Moskowitz wins the case for a different reason: the Court of Appeals ruled in 2004 that you can't sue someone for malicious prosecution arising from a civil proceeding, only a criminal proceeding. While Rolon also sued Moskowitz for fabricating evidence against him, his claim for humiliation and emotional distress is more properly brought as a state-law defamation claim. The "fabrication of evidence" claim under the Due Process Clause also fails because Rolon does not allege a necessary predicate: the deprivation of a property interest. According to the court, Rolon only alleged in conclusory fashion that he suffered economic losses as a result of Moskowitz's false testimony.

Friday, February 22, 2008

Nassau County's "lag payroll" does not violate the Due Process Clause

To deal with budgetary problems, Nassau County decided to institute a lag payroll for its corrections officers "with the effect of deferring a percentage of each [union] member’s pay until he or she stopped working for the County." The union challenged this procedure under the Due Process Clause on the theory that the County was denying (or delaying) a property interest (salary) without prior notice or hearing. The district court granted plaintiffs summary judgment. The Court of Appeals reversed, and the County wins.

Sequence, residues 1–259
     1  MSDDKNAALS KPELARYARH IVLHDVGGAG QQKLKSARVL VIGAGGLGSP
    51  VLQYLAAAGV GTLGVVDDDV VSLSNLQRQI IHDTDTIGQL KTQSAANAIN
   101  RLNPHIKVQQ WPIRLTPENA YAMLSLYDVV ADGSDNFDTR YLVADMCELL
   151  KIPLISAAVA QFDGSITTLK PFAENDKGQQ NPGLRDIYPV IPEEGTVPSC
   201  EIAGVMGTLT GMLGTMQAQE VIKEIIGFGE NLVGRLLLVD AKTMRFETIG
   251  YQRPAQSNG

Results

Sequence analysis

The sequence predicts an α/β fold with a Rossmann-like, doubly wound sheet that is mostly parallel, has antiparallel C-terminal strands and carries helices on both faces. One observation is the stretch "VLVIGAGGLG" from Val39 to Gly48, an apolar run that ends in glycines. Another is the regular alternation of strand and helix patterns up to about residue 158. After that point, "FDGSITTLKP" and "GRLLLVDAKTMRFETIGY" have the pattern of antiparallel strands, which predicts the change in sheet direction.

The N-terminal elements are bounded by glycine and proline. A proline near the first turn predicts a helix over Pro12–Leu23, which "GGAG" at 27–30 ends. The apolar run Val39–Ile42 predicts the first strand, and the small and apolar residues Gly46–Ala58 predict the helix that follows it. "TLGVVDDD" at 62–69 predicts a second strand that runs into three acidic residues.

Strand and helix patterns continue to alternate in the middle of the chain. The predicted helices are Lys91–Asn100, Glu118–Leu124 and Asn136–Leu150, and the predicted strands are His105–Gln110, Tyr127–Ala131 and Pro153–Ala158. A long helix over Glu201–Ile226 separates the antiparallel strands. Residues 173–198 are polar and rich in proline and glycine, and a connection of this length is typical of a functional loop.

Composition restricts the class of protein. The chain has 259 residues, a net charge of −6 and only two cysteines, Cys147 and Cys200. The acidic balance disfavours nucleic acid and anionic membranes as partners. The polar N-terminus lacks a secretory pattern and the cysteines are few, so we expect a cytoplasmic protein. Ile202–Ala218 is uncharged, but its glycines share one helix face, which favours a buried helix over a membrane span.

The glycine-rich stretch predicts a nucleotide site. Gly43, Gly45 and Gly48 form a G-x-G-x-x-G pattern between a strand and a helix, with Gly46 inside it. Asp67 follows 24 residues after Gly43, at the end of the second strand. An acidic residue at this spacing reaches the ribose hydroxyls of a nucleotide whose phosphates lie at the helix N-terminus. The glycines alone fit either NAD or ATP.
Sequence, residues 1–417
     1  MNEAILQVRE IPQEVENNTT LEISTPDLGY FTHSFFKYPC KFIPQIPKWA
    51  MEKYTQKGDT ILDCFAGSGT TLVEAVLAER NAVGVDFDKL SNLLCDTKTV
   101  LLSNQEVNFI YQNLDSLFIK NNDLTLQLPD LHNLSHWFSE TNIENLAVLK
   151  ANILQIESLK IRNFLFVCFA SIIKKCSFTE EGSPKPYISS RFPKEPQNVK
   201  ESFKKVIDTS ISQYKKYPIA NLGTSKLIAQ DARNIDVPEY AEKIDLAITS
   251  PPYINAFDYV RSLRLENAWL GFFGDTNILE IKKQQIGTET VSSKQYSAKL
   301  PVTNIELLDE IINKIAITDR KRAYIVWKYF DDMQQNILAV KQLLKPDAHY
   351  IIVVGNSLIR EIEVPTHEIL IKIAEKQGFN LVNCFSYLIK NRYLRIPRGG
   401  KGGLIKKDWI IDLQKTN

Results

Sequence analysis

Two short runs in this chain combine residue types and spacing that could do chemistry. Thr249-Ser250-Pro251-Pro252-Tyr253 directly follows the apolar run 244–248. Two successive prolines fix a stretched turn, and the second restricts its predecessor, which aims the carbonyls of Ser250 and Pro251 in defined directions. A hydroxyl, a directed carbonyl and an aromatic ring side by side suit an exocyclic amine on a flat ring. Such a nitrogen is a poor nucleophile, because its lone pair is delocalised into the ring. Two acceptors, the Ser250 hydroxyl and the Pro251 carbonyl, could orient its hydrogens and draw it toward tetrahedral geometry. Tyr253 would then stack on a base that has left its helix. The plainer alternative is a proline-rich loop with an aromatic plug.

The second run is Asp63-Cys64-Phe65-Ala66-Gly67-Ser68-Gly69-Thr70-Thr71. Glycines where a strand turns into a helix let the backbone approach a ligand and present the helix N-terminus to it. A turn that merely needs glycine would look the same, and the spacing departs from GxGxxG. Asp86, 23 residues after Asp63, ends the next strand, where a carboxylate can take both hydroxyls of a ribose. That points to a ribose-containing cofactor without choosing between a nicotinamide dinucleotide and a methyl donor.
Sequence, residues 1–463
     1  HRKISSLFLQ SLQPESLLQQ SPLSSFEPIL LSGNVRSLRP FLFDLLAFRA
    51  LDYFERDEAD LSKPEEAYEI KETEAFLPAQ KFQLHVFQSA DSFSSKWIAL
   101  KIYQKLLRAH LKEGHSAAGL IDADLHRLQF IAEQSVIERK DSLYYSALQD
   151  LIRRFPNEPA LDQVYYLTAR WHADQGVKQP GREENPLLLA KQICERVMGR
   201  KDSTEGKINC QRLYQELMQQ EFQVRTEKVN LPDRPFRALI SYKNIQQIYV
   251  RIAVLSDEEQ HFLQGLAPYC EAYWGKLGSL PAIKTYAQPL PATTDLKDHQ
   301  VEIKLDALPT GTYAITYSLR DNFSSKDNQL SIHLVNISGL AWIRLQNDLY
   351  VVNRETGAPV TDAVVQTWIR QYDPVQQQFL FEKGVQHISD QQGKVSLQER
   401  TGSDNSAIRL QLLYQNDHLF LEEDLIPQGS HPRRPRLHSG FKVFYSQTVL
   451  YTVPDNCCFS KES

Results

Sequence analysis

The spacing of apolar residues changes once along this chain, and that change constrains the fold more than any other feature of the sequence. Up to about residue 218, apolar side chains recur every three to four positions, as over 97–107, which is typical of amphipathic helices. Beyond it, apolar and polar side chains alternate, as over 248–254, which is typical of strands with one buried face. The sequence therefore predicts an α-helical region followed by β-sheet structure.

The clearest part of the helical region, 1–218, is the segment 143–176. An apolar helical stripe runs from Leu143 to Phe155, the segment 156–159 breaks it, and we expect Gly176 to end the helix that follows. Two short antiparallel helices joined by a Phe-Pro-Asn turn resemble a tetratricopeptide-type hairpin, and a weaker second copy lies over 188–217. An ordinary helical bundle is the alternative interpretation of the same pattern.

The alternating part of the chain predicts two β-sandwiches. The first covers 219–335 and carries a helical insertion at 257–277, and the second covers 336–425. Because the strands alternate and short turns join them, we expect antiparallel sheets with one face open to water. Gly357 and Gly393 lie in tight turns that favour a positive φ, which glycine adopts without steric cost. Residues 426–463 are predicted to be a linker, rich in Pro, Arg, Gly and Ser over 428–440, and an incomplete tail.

The case is Adams v. Suozzi, decided on February 22. The Second Circuit (Straub, Hall and Haight) assumed that the deferred salaries were a property interest and jumped straight to whether the County satisfied due process. The formula for resolving due process claims is two-fold: (1) is the deprivation a property or liberty interest and (2) did the government provide sufficient pre-deprivation process in the context of denying that liberty or property interest. The interesting thing about due process claims is that the government can provide sufficient pre-deprivation notice and still institute an unfair decision. The idea is that by allowing sufficient due process before taking away the liberty or property interest, the "victim" can persuade the government to change its mind before the decision takes effect.

The County wins the case becasue it did provide sufficient process, according to the Court of Appeals. That's because the County gave the union notice of the lag payroll procedure, telling the union about it more than week before the program went into place, and three weeks before the lag would have been reflected in the paychecks. "That gave [the union] sufficient time to file a grievance under the provisions of the [Collective Bargaining Agreement] challenging the lag procedure as a violation of the CBA’s terms setting wage rates and pay schedules."